Here's how 'irrational' customers help your brandBY ROB MEYERSON
Many of our clients include both B2B (business-to-business) and B2C (business-to-consumer) brands, sometimes described as corporate versus FMCG (fast-moving consumer goods). While much is made of the differences between these types of brands, they share a core objective: to create an emotional connection with the customer.
We all know great consumer brands that do this well. Maybe there’s a soft drink that you associate with joy, or an apparel brand that jumps to mind at the mere mention of the word “sexy” (Coke and Victoria’s Secret, maybe?). These brands and others have worked hard to associate themselves with single-minded, emotional ideas, and there’s no denying the effectiveness of their approach.
But brand managers working with B2B brands often reject the idea that their company or product—maybe an accounting firm or an esoteric scientific research tool—can and should connect with its customers at an emotional level.
Often, they argue that their offering is too big and serious to employ the same techniques that work well for soda and underwear. They argue that their customers make decisions based on facts, not emotion.
What they fail to realize, however, is that businesspeople—even CFOs, engineers, and procurement personnel—are people too. They are the same people that buy consumer brands and they do not—in fact, cannot—instantly turn off their consumer brains.
In other words, we are all irrational. We think wine tastes better when it has a cork, or simply because we’re told it costs a lot.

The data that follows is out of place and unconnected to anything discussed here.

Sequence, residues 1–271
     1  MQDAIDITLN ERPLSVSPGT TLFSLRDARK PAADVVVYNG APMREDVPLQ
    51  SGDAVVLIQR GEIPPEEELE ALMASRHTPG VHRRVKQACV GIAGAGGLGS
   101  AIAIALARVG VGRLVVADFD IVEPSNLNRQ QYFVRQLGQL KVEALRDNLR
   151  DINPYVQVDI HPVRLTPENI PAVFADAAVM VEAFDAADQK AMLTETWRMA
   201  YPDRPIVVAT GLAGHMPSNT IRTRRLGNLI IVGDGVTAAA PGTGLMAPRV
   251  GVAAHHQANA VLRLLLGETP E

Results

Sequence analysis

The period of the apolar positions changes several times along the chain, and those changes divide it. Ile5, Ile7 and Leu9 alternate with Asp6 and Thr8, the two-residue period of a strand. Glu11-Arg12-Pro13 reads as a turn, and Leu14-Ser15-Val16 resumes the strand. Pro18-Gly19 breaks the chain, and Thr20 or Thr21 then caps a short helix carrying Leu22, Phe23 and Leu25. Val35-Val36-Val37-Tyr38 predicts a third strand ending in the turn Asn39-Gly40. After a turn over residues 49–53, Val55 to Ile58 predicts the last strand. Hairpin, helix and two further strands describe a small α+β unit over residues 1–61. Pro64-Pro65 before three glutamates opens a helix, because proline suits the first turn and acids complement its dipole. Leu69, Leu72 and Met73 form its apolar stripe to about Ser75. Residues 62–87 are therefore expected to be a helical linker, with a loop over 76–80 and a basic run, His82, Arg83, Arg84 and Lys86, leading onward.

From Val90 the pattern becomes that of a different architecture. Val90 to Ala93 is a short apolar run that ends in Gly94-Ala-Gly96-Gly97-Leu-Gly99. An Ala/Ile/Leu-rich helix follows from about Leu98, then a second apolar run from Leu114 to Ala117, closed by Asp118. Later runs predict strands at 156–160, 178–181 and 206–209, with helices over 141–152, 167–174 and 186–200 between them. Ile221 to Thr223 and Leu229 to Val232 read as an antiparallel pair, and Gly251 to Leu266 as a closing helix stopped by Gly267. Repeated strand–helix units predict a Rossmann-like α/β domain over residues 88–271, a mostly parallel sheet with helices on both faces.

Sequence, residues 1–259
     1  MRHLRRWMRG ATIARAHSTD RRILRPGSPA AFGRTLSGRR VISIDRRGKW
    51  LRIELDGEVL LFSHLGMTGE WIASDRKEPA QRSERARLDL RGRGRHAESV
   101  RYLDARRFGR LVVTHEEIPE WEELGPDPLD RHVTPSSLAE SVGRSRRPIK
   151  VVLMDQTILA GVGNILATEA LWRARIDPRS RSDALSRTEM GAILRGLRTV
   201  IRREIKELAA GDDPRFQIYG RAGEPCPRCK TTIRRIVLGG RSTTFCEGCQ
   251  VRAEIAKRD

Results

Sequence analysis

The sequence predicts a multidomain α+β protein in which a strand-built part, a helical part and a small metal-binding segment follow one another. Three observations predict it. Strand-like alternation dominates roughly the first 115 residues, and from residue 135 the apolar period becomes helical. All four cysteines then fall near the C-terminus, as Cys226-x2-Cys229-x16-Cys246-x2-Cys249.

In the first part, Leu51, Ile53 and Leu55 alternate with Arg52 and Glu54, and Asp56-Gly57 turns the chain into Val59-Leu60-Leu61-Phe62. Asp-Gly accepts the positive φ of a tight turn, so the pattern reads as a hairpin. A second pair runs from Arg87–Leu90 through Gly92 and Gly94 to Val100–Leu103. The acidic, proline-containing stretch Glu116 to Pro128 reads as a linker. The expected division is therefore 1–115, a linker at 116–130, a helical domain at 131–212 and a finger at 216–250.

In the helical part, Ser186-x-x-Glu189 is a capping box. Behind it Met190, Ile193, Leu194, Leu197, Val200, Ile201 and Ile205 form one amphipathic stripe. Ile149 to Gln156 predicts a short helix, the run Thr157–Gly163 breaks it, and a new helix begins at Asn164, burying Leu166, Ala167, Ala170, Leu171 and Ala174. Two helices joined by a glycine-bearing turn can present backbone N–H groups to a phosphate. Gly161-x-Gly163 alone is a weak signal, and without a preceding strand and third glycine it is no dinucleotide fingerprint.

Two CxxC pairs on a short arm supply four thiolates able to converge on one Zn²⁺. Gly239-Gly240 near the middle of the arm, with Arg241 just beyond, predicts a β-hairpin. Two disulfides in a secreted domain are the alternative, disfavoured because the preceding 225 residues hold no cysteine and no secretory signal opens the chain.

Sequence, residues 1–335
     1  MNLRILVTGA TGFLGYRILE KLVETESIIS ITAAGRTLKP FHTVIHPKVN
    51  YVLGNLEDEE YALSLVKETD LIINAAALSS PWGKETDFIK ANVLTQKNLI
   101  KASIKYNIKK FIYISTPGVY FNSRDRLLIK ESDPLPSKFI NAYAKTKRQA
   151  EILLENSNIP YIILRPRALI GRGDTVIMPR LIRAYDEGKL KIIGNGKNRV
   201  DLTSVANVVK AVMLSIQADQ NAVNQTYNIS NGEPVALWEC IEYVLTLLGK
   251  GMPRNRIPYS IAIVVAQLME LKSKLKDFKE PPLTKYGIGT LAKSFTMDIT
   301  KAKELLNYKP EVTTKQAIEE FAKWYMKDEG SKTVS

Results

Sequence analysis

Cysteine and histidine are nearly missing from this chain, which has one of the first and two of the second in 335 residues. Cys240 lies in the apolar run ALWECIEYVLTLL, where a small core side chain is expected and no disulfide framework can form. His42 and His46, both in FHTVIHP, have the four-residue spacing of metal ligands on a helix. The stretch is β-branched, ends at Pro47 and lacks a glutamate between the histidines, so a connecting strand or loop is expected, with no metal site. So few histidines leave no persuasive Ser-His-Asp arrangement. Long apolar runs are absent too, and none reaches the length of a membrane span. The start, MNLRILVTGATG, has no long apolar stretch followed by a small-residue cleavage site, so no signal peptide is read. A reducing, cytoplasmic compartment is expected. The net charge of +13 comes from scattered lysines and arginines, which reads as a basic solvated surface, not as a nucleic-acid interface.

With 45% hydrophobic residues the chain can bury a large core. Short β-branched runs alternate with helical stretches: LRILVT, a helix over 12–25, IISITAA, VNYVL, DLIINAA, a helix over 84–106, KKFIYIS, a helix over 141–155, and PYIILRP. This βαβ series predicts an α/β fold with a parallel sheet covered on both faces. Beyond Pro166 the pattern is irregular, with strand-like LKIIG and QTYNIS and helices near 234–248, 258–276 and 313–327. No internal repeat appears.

We prefer things that see more often (the mere exposure effect), see first (the primacy effect), or have seen recently (the recency effect). We ignore inconvenient truths, and we believe familiar lies (the confirmation bias and illusion-of-truth effect, respectively).
Strong brands do not convince people with facts, but create a bias in their own favor by taking advantage of emotions and heuristics—rules of thumb we subconsciously use to simplify complex situations.
For example, Cisco’s brand is tied to the emotional concept of connectivity—not between routers, but between ideas, passions, and people (“the human network”). The Siemens brand is linked to confident expertise. IBM strives to be associated with intelligence.
Of course, these emotional territories should be supported by more quantifiable attributes, and perhaps this kind of support is more important for the average B2B brand than the average B2C brand.
But considering the emotional side of branding is not just an imperative for B2C brands—it’s a business imperative, because it’s a human inevitability that emotions are involved in decision-making.
Branding experts love to talk about helping brands “cut through the clutter”—the hundreds to thousands of brand messages we’re exposed to per day. But the truth is that customers are doing half the work by using their own biases, heuristics, and emotions to filter which messages they’re most receptive to. Smart brand consultants and top brands—in every industry—are finding ways to meet them halfway.
Rob Meyerson, Strategy Director, FutureBrand